Last week saw brands from telecommunications to FMCG gather at the Voxburner Youth Marketing Strategy Conference to deliberate the weird and wonderful world of young people’s lives, loves and hates. And how to market to them, of course. Here’s our top three takeaways for brands.
1. Be Useful
Opening on Day Two, Jack Wallington of the Student Room told us, “Be useful. Useful always works.” But what does useful mean to a 16-24 year old? More than just an easy-opening beer bottle or a cigarette holder. These Millennials, Gen Y, or whatever you want to call them, are not the beer-drinking, cigarette-smoking partygoers of yesteryear. According to Next Big Thing’s William Higham and Voxburner’s Simon Eder, they are “serious-minded” and “motivated to do well”. They have ambitions and they are determined to achieve them.
And how can brands be useful to these almost oxymoronic serious-youths? They need to join the chorus of parents, mentors and teachers and provide guidance. Young people crave advice and coaching to help them navigate their increasingly complex world. NGOs like Volunteer It Yourself (VIY) and service brands like Barclays’ Life Skills are stepping up to the plate but there are few FMCG brands that are taking advantage of this opportunity to show the next generation that they’re on their wavelength.
So, how is your brand giving young people those much-needed skills? Are you easing their growing pains? Are you giving them the confidence to achieve their dreams? Are you putting the right role models out there?
2. Stand for Something
Young people aren’t just ambitious. They want to achieve their dreams but they also want to leave the earth a little bit better than they found it. Voxburner told us, “Rebelliousness is out. Altruism is in.” And this is reflected in how they want brands to behave. Thinkhouse’s Youth Lab told us that brands should “Champion a cause, do good and make the world a better place.”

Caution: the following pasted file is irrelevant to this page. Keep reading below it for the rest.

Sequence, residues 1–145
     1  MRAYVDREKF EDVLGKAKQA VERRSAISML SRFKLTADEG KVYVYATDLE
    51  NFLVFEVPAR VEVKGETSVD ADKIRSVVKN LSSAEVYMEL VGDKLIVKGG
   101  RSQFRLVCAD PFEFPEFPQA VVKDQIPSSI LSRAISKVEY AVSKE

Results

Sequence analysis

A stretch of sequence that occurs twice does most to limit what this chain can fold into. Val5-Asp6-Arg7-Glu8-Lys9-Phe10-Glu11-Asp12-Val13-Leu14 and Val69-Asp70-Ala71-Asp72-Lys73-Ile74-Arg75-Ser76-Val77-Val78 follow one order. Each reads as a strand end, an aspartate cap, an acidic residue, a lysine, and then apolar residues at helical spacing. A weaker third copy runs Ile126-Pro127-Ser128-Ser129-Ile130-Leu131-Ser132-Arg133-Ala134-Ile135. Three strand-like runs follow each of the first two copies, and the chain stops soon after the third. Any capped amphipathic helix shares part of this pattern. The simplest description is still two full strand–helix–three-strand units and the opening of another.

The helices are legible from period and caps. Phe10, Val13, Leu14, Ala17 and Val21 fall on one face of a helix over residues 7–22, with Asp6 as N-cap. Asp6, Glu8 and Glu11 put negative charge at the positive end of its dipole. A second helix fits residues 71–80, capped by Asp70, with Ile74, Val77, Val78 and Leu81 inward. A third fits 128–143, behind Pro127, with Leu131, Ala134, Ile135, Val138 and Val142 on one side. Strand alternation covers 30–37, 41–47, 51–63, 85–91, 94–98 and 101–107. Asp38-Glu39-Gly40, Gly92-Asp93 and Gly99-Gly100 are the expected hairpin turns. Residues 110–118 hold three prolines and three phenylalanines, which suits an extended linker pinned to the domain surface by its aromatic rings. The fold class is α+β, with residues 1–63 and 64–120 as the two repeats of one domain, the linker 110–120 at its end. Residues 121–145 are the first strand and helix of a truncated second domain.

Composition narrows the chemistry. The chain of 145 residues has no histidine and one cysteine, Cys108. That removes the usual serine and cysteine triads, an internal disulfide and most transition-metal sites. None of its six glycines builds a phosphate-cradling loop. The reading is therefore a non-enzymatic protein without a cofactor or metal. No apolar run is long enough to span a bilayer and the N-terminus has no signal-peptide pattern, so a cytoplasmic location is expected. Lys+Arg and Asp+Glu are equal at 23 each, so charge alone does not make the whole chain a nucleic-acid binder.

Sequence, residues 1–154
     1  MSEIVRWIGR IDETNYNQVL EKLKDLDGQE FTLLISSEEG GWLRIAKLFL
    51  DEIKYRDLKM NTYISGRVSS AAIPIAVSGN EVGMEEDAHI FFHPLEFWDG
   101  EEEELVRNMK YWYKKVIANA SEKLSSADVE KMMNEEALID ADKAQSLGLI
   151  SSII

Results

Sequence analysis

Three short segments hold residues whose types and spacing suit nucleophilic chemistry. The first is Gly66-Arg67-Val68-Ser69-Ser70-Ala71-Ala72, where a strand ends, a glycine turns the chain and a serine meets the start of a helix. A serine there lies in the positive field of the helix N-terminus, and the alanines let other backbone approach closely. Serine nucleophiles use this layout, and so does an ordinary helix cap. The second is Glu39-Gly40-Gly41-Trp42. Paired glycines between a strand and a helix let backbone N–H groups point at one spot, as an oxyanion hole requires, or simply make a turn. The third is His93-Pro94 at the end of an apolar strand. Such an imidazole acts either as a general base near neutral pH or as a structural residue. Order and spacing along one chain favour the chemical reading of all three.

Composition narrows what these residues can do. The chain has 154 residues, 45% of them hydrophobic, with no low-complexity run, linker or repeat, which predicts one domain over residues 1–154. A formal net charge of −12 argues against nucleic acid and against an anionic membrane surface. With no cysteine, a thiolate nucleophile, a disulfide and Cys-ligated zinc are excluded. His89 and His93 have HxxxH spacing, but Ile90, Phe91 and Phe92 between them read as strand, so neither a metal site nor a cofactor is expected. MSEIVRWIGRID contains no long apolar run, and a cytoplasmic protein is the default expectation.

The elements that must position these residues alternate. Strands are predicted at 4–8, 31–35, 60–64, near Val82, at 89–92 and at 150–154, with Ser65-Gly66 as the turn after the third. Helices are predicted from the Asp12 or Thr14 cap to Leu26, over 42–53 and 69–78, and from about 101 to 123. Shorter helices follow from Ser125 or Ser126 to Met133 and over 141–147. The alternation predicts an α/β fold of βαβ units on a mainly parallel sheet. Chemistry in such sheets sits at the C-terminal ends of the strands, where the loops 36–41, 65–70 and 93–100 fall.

It’s a difficult step for brands because standing for something necessarily means standing against something. But, as Jonah Sachs of Free Range Studios outlined in a recent article for the Guardian, brands need to be “pro-social”, they need to “look outward to take a stand on key moral issues.” This is what 27 companies that own brands from GAP to Apple to Oreos did on the issue of gay marriage and they were championed for championing.
For young people, brands can’t just be friendly or witty or sustainable anymore. They need to take a stand for something, against something. Brands need to start movements, support causes, inspire young people to do something, do good, do better. Are you doing it?
Want to know how to be useful and what to stand for? Just listen. “People love to be asked what they want.” Carrie Longton, the Co-Founder of Mumsnet told us; not a new news but especially relevant to 16-24 year olds. It seems that those who are seen are not only not heard but also dictated to. It’s brands who are telling young people what they should do, how they should act, what they should buy. But they need to start asking young people. Because brands that engage with young people are already eating the big fish.
Giffgaff is a prime example. “The mobile network run by you” lets its members, “giffgaffers”, earn money by selling sim cards and helping new giffgaffers. giffgaffers also have the opportunity to shape product offerings and create their own marketing material. And because they listen and engage, their products suit their customers: young people. And those customers listen to and engage with the brand in return. And all this results in an incredible overall satisfaction rate of 91%.
Not every brand can have the innovative business model that giffgaff has. But they can ask where they can improve, what they could make for their next product and use what young people thinks important, cool or funny as their next source of inspiration. So, get out there and talk to those young things—they won’t bite!
About the Author
Evie Monnington-Taylor is the Brand Strategist at Echo. She is constantly on the hunt for new experiences and knowledge. She speaks seven languages, has visited 39 countries and has lived in four.
As Echo’s premier strategist, she works with some of the world’s leading brands as she searches for the cultural patterns that underpin our lives.